The Porter Angel

HENRY KIRKE PORTER

1840 – 1941

Porter had a brief stint in the 45th Regiment, Massachusetts Volunteer Militia during the Civil War.  After, he had a distinguished career as an industrialist manufacturing light locomotives.  He also served a term as a US Congressman. But Porter is most remembered for his philanthropic work. He was one of the founders of the Young Men’s Christian Association (Y.M.C.A.) and served as the president of the Pittsburgh Y.M.C.A. from 1868 to 1887.   He served on various other community and international boards, as well, including, the Pittsburgh Chamber of Commerce, the Western Pennsylvania Institute for the Blind, the International Committee of the Y.M.C.A., the Carnegie Institute, the Crozier Theological Seminary, and as a member of the Board of Fellows of Brown University.

Henry Kirke Porter and his family plot is commemorated by a bronze angel, one of the most visited monuments in the Allegheny Cemetery. The angel is a classic example of mourning figures found in cemeteries—head bent down in grief, wide wing span, and draped gown. 

In the book, Images of America: Allegheny Cemetery, published in 2016, page 29, published by Arcadia Publishing, Charleston, South Carolina, authors, Lisa Speranza and Nancy Foley describe one of the most impressive monuments in the Allegheny Cemetery in Pittsburgh—the Porter Angel.

“…perhaps one of the most recognizable faces within the cemetery, standing watch over the family of Henry Kirke Porter.”  …The current Porter Angel likely dates to the 1920s.  However, as early as 1906, a Pittsburgh Daily Post article shows a marble angel and sandstone cross at the family grave.  Imported from Italy, it was reputed to be one of the most striking examples of marble carving in any cemetery in America.  As it weathered, it was likely replaced with the stunning bronze monument that so many recognize today.” 

The replacement angel was created by sculptor Enrico Butti (April 3, 1847 – January 21, 1932) of Milan, Italy and cast at the Kunst Foundry in New York.  Sculptor Butti came by his talent naturally having been born into a family of sculptors and marble cutters.  At an early age, Butti went to study with renowned Italian sculptors Pietro Magni, Francesco Barzaghi, and Ugo Zannoni.  By the age 25, Butti won praise for his first exhibited work, Raphael cementing his career as a budding sculptor winning commissions during the rest of his lifetime.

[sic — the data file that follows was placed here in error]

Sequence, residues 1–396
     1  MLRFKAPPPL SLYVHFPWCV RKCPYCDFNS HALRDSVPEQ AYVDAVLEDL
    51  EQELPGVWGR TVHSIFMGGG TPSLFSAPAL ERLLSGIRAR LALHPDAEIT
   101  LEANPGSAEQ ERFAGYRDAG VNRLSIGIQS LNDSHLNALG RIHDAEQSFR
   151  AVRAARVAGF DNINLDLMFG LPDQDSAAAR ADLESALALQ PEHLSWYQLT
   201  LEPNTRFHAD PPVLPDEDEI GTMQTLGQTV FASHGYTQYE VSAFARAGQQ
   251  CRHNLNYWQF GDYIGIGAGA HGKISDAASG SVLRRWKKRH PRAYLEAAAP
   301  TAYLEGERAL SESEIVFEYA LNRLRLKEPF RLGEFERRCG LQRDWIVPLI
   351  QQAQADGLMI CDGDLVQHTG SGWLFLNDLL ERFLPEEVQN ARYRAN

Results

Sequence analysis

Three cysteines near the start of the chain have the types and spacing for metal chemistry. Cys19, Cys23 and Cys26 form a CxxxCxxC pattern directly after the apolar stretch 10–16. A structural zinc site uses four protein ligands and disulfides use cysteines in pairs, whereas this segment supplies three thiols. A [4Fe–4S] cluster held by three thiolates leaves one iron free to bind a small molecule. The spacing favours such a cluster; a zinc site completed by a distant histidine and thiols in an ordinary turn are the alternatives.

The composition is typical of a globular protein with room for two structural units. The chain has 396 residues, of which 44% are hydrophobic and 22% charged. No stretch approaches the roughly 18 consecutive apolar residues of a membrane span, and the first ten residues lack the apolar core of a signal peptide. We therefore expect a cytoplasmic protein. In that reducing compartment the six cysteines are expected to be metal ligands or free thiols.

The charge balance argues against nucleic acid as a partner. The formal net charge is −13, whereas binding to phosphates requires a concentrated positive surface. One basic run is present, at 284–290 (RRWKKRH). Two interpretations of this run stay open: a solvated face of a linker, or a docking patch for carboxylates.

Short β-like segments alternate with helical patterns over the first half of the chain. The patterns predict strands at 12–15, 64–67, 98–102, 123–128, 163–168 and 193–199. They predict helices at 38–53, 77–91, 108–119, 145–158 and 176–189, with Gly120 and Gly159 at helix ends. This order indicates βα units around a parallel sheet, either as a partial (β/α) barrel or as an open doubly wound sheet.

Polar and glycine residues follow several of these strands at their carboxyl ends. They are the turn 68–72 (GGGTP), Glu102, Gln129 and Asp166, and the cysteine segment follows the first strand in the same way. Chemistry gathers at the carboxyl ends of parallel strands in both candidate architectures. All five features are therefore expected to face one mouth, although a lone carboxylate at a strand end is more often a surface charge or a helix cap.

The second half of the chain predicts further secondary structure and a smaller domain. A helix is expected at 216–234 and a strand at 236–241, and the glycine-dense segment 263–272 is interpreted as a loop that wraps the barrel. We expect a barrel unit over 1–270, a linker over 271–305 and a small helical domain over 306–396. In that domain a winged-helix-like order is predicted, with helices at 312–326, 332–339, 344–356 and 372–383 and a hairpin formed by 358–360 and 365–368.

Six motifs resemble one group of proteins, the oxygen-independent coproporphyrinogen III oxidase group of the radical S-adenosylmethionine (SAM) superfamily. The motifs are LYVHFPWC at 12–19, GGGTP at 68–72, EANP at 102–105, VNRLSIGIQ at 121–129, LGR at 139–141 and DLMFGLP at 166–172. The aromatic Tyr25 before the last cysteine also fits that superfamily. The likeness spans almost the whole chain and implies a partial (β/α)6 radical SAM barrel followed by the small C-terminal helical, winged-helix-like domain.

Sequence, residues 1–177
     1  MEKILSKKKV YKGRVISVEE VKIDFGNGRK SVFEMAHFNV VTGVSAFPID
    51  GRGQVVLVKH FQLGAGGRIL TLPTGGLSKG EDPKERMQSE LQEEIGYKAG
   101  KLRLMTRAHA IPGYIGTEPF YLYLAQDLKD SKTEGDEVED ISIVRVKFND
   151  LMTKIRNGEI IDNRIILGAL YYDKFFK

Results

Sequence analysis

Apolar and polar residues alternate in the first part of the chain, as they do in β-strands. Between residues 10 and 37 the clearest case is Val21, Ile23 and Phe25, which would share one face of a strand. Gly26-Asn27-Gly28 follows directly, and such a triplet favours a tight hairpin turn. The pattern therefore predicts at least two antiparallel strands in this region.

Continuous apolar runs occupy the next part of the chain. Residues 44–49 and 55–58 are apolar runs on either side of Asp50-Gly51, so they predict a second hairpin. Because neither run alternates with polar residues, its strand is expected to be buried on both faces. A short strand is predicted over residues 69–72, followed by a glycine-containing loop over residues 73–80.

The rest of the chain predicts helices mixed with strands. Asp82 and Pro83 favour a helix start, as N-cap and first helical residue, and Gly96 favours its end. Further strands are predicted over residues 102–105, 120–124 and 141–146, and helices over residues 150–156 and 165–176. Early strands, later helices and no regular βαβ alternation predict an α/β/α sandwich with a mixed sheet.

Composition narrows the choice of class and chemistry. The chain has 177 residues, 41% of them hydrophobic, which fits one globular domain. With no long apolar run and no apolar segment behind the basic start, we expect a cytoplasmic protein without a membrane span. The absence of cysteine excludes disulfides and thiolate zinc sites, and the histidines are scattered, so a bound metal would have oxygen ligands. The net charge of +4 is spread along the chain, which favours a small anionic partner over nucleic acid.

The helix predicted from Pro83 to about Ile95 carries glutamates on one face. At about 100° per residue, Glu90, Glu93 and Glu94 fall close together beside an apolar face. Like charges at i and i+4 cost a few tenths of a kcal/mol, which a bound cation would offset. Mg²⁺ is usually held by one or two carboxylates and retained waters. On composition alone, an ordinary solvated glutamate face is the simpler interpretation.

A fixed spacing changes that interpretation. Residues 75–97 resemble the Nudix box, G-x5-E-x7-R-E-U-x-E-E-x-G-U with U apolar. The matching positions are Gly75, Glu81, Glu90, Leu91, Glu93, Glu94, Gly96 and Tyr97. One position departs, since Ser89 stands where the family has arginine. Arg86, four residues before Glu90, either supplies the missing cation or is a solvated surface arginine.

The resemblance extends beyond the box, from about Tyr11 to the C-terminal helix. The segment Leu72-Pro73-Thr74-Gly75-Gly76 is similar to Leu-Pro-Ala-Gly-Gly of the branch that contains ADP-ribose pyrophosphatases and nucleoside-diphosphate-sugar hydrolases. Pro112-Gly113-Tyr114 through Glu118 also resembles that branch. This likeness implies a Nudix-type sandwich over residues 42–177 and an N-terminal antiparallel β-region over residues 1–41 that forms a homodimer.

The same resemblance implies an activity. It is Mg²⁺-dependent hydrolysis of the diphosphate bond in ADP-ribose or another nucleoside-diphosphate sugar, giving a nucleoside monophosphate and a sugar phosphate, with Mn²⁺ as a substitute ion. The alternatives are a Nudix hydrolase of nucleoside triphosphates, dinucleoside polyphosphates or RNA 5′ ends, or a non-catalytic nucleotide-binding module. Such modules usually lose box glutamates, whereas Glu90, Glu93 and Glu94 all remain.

The Porter Angel is cast bronze, standing the second of three steps that lead down from a Latin Cross.  The Latin Cross is universally recognized as a symbol of the Christianity however, it is not the only symbolism in the monument, which may be lost on some viewers. In this monument, the cross rests on a foundation of three progressively larger stones as a base. Each represents a different virtue—“Faith in the will of God…Hope for the dawn of that yet more glorious day and Charity toward all men.”

In the journal article: “Transmigration/Transformation Enrico Buttie’s Angel in Milan and Pittsburgh” by Elisabeth L. Roark, (Italian Review Vol. 7, No. 2, Summer 2017, pp. 148-179 (32 Pages) published by the University of Illinois Press) she describes the drama of the sculpture,

Nine feet tall, with an astonishingly detailed ten-foot wingspan, it wears a wide-sleeved, loose gown that cascades over its body and down three outsize granite steps.  Its pose is theatrical; a dramatic weight shift thrusts its lower torso forward, balanced by outstretched arms that extend to the front and the side.  Its long fingers form graceful gestures: on the left hand, spread wide and held parallel to the ground; on the right hand, the thumb and forefinger almost meet and reach toward the stone block beside it.  The angel’s head is bent as if concentrating on its right hand, eyes cast down and face framed by long wavy hair.”

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